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Les Leyne: School board and teachers' flip-flop on police isn't a good look

Some groups have done remarkable 180-degree flips to come out stridently against a program they once whole-heartedly supported.
web1_vka-rally-9926 THUMB
From left, Mark Jenkins, Tomas Lee, 9, Thomas Lee, 12, and Jaye Lee hold signs at a rally in front of the Greater Victoria School District office on Boleskine Road on Monday. DARREN STONE, TIMES COLONIST

Victoria Police Chief Del Manak is taking another run at resurrecting the school police liaison program.

It’s a wonder he’d bother, given the insulting treatment that local police have received from key groups during the ­public argument about the program.

Particularly the Greater Victoria School Board and the Greater Victoria Teachers’ ­Association, both of which have done remarkable 180-degree flips to come out stridently against a program they once whole- heartedly supported.

Manak felt forced to cut the program in 2018 due to the never-ending Victoria-Esquimalt funding argument.

The school board of the day and the teachers’ union strenuously objected. The board passed a formal motion to write letters to the municipal councils “outlining the value police liaison officers play in our schools and express our disappointment and concern” about losing them.

The letter stressed “negative long-ranging impacts” from losing the police presence. Then-chair Jordan Watters did several interviews about the cancellation.

“They’re able to help [troubled] students along and develop a relationship over time,” she said.

The teachers’ union did exactly the same. It wrote to both councils saying the decision put vulnerable students at risk. “To a child, there is a profound difference between having a familiar and trusted person engage and de-escalate, and having a stranger attempt to intervene.”

But last year, the school board and the union reversed course completely.

After lengthy consideration, the board decided unanimously that school liaison officers “don’t meet the needs” of students.

It cited many positives, but “undeniably, there are some students and staff who do not feel safe with police in schools.”

Citing the “commitment to provide trauma-informed support and inclusive spaces,” they cancelled the program.

The teachers’ union urged the move and endorsed it completely, saying research showed “the police and criminal justice systems have been founded on and continue to perpetuate systemic racism.”

“We must not ignore … the ongoing harm caused by police.”

The big reversal developed as Indigenous reconciliation concerns were escalating dramatically. Despair and rage over the disgraceful string of U.S. atrocity stories involving American police officers injuring and killing innocent Black people were running high as well.

It was egged on by B.C. human rights commissioner Kasari Govender, who wrote to all school trustees urging them to halt such programs “until the impact of these programs can be established empirically.”

She wrote: “Indigenous, Black and other marginalized students have raised significant concerns about the harm caused by having police in schools.”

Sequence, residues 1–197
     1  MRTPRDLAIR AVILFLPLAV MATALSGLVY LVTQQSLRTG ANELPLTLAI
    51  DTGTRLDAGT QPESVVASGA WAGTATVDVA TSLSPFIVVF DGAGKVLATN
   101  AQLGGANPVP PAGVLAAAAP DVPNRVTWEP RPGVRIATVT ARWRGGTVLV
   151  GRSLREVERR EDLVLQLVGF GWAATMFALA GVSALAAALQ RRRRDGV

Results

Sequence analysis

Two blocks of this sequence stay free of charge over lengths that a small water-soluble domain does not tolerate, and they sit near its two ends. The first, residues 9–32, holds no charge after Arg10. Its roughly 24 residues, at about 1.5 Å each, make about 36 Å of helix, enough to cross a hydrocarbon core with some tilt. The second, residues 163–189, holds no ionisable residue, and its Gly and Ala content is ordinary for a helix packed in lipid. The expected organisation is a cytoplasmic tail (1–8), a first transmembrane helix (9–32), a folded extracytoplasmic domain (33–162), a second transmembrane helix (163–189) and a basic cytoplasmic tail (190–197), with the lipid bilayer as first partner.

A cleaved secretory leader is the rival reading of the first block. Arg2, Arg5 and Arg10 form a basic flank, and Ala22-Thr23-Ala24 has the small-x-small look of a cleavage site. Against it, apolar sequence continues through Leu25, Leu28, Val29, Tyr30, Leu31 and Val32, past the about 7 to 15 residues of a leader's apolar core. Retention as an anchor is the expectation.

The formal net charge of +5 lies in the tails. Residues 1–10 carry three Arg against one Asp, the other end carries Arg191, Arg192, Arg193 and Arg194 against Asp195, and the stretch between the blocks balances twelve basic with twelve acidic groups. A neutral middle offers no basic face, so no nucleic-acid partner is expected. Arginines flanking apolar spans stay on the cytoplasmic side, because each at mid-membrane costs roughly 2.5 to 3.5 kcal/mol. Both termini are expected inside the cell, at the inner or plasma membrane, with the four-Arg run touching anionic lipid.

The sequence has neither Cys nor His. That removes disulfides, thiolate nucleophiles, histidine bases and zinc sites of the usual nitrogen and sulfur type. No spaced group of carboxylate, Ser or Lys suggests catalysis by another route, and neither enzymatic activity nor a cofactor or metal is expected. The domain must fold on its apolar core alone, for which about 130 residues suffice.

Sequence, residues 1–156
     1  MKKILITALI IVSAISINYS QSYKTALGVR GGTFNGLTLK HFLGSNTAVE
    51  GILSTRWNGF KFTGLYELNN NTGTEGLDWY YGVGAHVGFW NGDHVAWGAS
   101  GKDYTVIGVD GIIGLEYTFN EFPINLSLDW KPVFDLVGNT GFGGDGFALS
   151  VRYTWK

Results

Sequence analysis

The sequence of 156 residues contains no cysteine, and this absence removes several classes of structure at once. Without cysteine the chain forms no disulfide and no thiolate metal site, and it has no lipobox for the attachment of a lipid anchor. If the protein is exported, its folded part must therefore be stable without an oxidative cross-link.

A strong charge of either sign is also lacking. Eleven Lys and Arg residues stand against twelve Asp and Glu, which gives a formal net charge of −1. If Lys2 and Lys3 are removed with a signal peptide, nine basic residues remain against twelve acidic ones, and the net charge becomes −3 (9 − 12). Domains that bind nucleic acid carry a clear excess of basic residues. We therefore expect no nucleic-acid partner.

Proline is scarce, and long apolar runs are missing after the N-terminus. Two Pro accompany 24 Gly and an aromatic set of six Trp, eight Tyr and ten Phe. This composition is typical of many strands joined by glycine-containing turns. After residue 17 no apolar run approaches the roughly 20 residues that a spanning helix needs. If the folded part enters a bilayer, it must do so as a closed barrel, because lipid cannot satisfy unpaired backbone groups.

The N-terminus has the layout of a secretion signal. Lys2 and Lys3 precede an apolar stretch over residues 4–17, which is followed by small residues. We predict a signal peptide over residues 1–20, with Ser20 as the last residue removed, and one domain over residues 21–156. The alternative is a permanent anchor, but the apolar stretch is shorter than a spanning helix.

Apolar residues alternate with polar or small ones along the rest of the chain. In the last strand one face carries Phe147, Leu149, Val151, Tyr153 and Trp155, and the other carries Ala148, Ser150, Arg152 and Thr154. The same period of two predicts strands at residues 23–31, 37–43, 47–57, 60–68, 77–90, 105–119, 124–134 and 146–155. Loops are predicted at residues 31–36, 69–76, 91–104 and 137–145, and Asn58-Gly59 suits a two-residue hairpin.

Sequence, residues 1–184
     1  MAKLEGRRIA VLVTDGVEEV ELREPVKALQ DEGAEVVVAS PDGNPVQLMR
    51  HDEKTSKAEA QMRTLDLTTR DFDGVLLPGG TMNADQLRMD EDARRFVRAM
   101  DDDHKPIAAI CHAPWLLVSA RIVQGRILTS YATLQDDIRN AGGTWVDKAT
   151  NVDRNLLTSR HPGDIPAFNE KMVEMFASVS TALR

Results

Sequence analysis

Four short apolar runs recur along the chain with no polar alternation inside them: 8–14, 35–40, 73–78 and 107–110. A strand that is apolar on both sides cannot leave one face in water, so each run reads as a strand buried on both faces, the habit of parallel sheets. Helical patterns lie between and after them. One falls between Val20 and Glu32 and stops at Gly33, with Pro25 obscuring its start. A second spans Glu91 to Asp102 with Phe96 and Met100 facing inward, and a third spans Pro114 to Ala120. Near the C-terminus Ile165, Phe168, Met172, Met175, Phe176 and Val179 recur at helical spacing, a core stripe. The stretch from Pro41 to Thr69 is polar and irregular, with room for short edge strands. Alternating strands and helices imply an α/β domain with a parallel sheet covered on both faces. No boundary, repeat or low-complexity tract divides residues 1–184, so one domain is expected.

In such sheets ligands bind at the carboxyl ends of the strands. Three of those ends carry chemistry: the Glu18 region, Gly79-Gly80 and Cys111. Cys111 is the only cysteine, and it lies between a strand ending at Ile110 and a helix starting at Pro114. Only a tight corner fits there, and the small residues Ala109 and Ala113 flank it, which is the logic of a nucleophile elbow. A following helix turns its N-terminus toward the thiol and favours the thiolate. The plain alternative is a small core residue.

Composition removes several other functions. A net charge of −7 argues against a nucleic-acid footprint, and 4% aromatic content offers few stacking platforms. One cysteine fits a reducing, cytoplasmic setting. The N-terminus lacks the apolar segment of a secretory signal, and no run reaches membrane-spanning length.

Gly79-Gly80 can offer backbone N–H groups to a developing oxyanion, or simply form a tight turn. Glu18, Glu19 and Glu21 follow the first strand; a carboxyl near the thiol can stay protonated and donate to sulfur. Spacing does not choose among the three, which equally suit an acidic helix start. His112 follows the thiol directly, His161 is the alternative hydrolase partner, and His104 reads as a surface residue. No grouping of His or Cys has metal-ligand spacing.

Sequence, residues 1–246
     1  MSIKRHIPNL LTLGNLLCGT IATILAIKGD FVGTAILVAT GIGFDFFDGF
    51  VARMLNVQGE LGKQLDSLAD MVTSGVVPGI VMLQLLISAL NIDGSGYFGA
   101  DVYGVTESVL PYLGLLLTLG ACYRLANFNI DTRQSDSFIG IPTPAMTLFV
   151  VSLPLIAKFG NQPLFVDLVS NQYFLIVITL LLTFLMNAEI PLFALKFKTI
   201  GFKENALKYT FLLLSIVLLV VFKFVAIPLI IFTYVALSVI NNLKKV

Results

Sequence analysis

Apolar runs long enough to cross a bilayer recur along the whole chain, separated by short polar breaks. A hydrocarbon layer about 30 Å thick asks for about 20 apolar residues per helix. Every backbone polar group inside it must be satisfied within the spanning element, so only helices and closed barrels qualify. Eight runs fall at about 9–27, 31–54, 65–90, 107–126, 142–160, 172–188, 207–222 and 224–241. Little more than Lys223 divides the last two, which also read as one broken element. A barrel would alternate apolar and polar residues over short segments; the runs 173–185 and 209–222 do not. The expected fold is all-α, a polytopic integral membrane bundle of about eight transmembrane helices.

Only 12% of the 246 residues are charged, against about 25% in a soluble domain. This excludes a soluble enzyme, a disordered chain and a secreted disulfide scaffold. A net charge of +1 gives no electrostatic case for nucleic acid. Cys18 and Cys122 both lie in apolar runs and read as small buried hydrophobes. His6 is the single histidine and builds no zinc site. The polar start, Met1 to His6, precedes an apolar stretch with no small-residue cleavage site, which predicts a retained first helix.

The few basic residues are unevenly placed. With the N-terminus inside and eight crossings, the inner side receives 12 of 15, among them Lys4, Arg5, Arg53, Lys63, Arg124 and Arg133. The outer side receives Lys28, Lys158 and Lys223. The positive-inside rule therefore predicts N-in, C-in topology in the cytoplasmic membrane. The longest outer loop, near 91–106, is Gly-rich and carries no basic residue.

Govender cited research her office had commissioned. But the main conclusion of that research was that there were very few studies on the topic. And most of the scanty research available was from the U.S.

The experience with militarized police in that gun-ridden country is a whole different story. Transferring revulsion about bad U.S. cops into a move to stop police in Greater Victoria from interacting with kids is a stretch.

The speed with which the board and the union abandoned their support and turned on the police makes you wonder about the depth of their convictions.

Local police departments have their share of personnel problems and misconduct issues. But it’s about the same share that any collective of human beings produce.

Systemic racism in police departments should be acknowledged. But is it at a level where local departments (which have become noticeably more diverse over the years) should be barred from visiting schools? Unlikely.

B.C.’s civilian oversight authority looks into any complaints about police conduct. You can count on your fingers the number of local ones they deem worthy of looking into most years.

No doubt there are some BIPOC marginalized children who are scared of police. But that’s exactly what the program is supposed to help deal with — meeting them in a non-threatening way in a safe space.

Just So You Know: Disclosure: I’m a white male and my main personal interaction with cops over the years has been ­reporting stolen bicycles. So it’s not for me to pronounce on race-based trauma, other than to sincerely sympathize with people who feel it.

But the idea that police visits to local schools do more harm than good sounds absurd.

Manak grew up going to George Jay and Central Middle Schools and likes to drop by now and then. Connect with his roots and all that.

He’s technically no longer welcome in uniform.

The optics around education leaders closing the school doors on officers who are led by a minority local kid who grew up to be a police chief is a bad look for all concerned.